Literary retreat on Fabric Row

    Rare first-edition poetry tomes and brand-new graphic novels populate the wooden shelves of this Fabric Row shop. With creaky floors and a quiet atmosphere, it’s a great spot to discover a fondness for Edward Gorey or to rediscover that once-obsessed-over children’s book.

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  • Bryn Mawr College Library Special Collections

    A place for serious purpose and peaceful reflection

    Philadelphia railroad barons put a line through and renamed dusty, rural Humphreyville, Bryn Mawr. The college was founded in 1885, and an image was reversed. Observers noted how “striking Gothic architecture and rolling landscape foster a sense both of serious purpose and of peaceful reflection.” Bryn Mawr’s collections are comprised of literature, women’s studies, the college, history, travel and exploration, art of the book, and art.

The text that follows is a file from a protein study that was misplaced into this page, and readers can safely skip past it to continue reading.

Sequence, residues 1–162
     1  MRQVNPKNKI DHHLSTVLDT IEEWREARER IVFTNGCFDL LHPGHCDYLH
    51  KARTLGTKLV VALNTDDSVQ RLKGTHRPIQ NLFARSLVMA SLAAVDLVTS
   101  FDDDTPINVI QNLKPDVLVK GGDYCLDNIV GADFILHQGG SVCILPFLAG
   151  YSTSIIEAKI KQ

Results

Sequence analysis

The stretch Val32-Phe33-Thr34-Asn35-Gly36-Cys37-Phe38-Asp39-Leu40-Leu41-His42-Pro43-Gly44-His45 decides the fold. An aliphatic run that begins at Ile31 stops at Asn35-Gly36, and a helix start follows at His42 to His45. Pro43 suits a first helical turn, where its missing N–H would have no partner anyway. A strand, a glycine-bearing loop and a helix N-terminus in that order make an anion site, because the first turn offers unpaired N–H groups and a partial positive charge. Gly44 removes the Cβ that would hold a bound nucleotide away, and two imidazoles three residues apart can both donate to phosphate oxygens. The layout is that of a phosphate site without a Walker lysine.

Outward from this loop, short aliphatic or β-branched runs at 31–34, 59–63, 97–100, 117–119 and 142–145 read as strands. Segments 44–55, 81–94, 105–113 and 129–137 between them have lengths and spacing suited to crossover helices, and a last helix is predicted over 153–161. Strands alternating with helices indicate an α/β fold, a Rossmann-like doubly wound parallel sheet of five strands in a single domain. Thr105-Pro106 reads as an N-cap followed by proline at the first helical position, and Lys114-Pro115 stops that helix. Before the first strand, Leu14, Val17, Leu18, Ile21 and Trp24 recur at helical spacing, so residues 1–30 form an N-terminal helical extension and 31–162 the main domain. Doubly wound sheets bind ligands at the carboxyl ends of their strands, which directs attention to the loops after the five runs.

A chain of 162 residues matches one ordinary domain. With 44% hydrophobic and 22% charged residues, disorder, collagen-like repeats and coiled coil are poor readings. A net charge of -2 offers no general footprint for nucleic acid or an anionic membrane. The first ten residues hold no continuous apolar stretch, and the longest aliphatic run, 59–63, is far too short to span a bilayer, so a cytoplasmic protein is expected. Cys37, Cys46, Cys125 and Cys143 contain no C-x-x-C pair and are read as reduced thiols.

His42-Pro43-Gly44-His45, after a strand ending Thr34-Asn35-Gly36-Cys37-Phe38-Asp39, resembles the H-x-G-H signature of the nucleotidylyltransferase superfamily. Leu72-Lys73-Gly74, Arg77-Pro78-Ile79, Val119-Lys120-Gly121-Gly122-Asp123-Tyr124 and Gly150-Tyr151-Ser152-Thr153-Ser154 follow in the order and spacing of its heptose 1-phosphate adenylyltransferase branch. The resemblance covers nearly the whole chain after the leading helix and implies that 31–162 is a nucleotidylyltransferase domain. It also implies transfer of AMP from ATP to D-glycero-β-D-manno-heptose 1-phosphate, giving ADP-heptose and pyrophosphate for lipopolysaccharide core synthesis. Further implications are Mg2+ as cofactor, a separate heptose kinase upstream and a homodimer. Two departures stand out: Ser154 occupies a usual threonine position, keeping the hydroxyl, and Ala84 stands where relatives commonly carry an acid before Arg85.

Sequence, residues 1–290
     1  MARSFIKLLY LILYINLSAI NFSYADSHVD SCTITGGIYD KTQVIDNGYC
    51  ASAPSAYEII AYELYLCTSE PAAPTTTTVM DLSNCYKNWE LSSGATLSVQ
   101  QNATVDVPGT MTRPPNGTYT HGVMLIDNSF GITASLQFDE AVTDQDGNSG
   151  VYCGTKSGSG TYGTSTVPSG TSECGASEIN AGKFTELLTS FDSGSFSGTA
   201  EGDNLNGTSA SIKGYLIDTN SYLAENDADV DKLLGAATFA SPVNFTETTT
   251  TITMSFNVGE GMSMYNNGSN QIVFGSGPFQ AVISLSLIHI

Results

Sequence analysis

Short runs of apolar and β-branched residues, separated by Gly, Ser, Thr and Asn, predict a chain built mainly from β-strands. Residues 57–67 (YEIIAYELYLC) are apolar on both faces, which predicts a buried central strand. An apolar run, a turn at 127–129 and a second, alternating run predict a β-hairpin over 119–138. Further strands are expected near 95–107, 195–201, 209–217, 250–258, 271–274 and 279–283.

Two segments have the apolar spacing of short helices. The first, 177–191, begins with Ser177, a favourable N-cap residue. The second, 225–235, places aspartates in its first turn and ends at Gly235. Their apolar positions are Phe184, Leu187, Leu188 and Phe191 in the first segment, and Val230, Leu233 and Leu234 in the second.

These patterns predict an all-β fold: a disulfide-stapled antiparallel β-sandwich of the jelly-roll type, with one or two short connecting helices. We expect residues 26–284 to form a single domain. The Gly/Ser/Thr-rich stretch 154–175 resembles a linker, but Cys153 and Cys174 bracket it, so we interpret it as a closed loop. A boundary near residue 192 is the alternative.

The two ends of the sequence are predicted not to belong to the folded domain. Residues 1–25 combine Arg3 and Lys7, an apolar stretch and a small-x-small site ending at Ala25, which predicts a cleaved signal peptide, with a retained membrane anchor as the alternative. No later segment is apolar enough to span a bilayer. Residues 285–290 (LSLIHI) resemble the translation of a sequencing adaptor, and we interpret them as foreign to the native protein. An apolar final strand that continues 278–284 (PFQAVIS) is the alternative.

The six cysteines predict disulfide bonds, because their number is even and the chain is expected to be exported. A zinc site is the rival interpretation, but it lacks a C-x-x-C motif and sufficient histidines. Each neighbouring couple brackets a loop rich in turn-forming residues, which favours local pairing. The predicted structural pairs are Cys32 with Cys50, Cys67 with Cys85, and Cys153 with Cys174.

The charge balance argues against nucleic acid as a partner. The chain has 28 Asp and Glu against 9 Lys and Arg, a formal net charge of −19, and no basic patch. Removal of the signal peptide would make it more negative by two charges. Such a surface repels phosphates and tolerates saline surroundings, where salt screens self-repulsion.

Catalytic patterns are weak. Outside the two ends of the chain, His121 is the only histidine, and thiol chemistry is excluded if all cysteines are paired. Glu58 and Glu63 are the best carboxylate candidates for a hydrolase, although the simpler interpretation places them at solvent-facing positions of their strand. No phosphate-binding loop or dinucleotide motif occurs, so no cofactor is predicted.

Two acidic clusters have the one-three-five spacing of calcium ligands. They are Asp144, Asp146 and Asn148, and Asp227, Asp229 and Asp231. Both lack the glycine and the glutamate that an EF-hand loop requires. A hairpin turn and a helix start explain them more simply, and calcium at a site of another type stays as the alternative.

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  • Center for Advanced Judaic Studies

    Preserving for researchers the venerable history of Jewry

    More often than not, libraries are dispersed at the demise of their host institutions. When Dropsie College for Hebrew and Cognate Learning failed, its library became an exception. Thanks to the late philanthropist Walter Annenberg, the library founded by 19th century Philadelphian Moses Aaron Dropsie was kept intact in a new research facility. A few years later the collection joined the University of Pennsylvania.

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  • Center for Architecture

    Home of the Philadelphia chapter of the American Institute of Architects and the Community Design Collaborative

    The Center for Architecture offers walking tours, exhibitions, lectures, kids workshops, films, book talks and other events on the topics of architecture, urban planning, and design.

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  • Chester County Historical Society

    Focusing a spotlight on local history and handicrafts